Why are these protestors dressed up like they are about to head to a 50’s sock hop?
They still think kids only got 3 to 5 shots in the 1950s and 1960s.
Although kids did get many more vaccine doses than they imagine back then, most of these folks likely long for days when kids still got measles, pneumococcal meningitis, epiglottitis, mumps, and all of the other now vaccine-preventable diseases.
It shouldn’t be a surprise that these other signs are just as easy to explain and debunk…
4 Billion Paid by Us Government for Vaccine Injuries and Deaths – yes, $4,060,857,713.42 has been paid by the Vaccine Court for 6,355 compensated claims for vaccine injuries since 1989, during which time billions of doses of vaccines have been given
Vaccine Ingredients Animal Blood Pig Gelatin Monkey and Dog Kidney Rabbit Brain Insect Cells Human DNA + More – scary stuff until you learn what’s really in our vaccines
He never really said that “no one should take the flu vaccine.”
And now folks are misrepresenting what he said about measles.
So what did he really say?
“This self-limiting infection of short duration, moderate severity, and low fatality has maintained a remarkably stable biological balance over the centuries. Those epidemiologists, and there are many, who tend to revere the biological balance have long argued that the ecological equilibrium of measles is solidly based, that it can not readily be disrupted and that therefore we must learn to live with this parasite rather than hope to eradicate it. This speaker, not so long ago, was counted among this group and waxed eloquent on this subject in print.
Happily, this era is ending. New and potent tools that promise effective control of measles are at hand. If properly developed and wisely used, it should be possible to disrupt the biological balance of measles. Its eradication from large continental landmasses such as North America and many other parts of the world can be anticipated soon.”
Alexander Langmuir et al on The Importance of Measles as a Health Problem
Alexander Langmuir didn’t think that measles was a benign disease.
“…any parent who has seen his small child suffer even for a few days with persistent fever of 105, with hacking cough and delirium wants to see this prevented…”
And he thought that we should work to eradicate it.
“The availability of potent and effective measles vaccines, which have been tested extensively of the past 4 years, provides the basis for the eradication of measles in any community that will raise its immune thresholds to readily attainable levels.”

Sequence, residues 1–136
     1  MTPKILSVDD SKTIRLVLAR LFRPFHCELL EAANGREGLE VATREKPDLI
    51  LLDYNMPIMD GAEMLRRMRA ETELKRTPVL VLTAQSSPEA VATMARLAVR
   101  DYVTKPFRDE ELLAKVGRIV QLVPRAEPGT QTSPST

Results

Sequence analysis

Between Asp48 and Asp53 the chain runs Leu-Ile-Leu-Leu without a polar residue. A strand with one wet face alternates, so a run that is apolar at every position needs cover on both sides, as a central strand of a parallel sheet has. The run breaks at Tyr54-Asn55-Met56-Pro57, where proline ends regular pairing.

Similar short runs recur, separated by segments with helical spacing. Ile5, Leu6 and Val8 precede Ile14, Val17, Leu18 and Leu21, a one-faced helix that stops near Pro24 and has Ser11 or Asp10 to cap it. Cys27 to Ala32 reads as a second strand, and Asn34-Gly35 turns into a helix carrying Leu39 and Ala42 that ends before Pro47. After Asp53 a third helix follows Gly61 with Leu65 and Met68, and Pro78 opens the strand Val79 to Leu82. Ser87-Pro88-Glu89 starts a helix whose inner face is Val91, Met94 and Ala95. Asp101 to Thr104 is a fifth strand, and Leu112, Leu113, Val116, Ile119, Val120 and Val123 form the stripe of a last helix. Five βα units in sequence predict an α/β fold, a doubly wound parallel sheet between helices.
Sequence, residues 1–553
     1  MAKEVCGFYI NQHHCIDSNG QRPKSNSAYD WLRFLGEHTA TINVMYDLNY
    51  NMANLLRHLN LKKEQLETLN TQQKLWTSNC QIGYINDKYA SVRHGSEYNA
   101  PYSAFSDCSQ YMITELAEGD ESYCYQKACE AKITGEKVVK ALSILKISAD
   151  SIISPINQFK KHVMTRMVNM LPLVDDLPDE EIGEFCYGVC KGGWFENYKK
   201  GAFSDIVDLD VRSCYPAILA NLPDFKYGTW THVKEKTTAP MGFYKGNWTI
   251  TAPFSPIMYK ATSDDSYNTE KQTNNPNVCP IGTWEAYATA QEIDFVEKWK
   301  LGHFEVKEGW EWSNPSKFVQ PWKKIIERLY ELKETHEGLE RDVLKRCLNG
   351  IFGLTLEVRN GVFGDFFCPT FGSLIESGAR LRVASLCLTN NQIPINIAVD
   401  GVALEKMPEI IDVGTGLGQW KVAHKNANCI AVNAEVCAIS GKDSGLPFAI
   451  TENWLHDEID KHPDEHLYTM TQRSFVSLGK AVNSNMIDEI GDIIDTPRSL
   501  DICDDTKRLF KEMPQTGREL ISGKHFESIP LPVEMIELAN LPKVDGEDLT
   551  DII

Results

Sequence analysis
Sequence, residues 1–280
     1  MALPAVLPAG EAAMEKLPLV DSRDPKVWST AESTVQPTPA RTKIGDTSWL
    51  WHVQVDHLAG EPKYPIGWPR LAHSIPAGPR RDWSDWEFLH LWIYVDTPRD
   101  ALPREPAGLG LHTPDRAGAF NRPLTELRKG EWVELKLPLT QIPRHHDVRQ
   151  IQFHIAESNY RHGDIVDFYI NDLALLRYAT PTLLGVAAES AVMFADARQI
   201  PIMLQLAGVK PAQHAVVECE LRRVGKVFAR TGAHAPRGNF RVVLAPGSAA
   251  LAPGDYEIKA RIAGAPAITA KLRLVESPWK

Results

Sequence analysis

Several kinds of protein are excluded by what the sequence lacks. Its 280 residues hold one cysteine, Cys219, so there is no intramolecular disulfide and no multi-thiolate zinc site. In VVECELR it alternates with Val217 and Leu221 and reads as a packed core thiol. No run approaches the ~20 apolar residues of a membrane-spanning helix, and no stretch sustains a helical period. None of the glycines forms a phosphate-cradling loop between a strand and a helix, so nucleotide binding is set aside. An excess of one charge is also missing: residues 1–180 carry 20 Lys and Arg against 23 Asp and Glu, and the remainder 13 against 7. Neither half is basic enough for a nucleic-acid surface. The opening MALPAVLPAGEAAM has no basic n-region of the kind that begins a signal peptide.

Alexander Langmuir et al on Epidemiologic Basis For Eradication Of Measles In 1967
Alexender Langmuir, who was Chief Epidemiologist at CDC for 21 years and founded the Epidemic Intelligence Service (EIS), said that “all infants should receive measles vaccine at approximately 1 year of age.”
What else did he say?
“When measles has become so widespread that epidemics are already present in several schools and in different communities within a city or county, more extensive communitywide measures must be undertaken. Then the full resources of the health and medical services of the total community, backed by well-coordinated voluntary agencies, will need to be mobilized. Again, priority should be directed first to the immunization of susceptible children in schools or who congregate in other enclosed spaces. If such immunization programs are carried out promptly and effectively, an epidemic of measles can be contained within 2 to 3 weeks.”
It would be nice to get back to where we could contain outbreaks in 2 to 3 weeks.
It would be nice if folks really listened to what Alexander Langmuir had to say and vaccinated their kids.
They are often skeptical that each and everything that happens after someone gets a vaccine, even if it is months or years later, is a vaccine injury though. But we do know that although rare, vaccine injuries are real and can sometimes be life-threatening.
But why would vaccines actually be designed to kill people?
“Results revealed a significant negative relationship between anti-vaccine conspiracy beliefs and vaccination intentions. This effect was mediated by the perceived dangers of vaccines, and feelings of powerlessness, disillusionment and mistrust in authorities.”
Jolley et al on The Effects of Anti-Vaccine Conspiracy Theories on Vaccination Intentions
And if you wanted to do that, you could just push a lot of conspiracy theories about vaccines to scare folks away from getting vaccinated…
So, could bacteria and viruses be controlling the minds of these disease-friendly, influential anti-vaccine folks, helping to make sure people are intentionally unvaccinated, so that they can spread among us more easily?
Since I’m too skeptical to go down that rabbit hole, it is probably a safer bet to think that most are just doing it to sell supplements in their stores, get commissions from pushing online seminars, and ads from folks visiting their sites.
“Conspiracy beliefs are therefore associated with common motivations that drive intergroup conflict. Two social motivations in particular are relevant for conspiracy thinking. The first motivation is to uphold a strong ingroup identity, which increases perceivers’ sense‐making motivation when they believe their group is under threat by outside forces. That is, people worry about possible conspiracies only when they feel strongly connected with, and hence care about, the prospective victims of these conspiracies. The second social motivation is to protect against a coalition or outgroup suspected to be hostile”
van Prooijen et al on Belief in conspiracy theories: Basic principles of an emerging research domain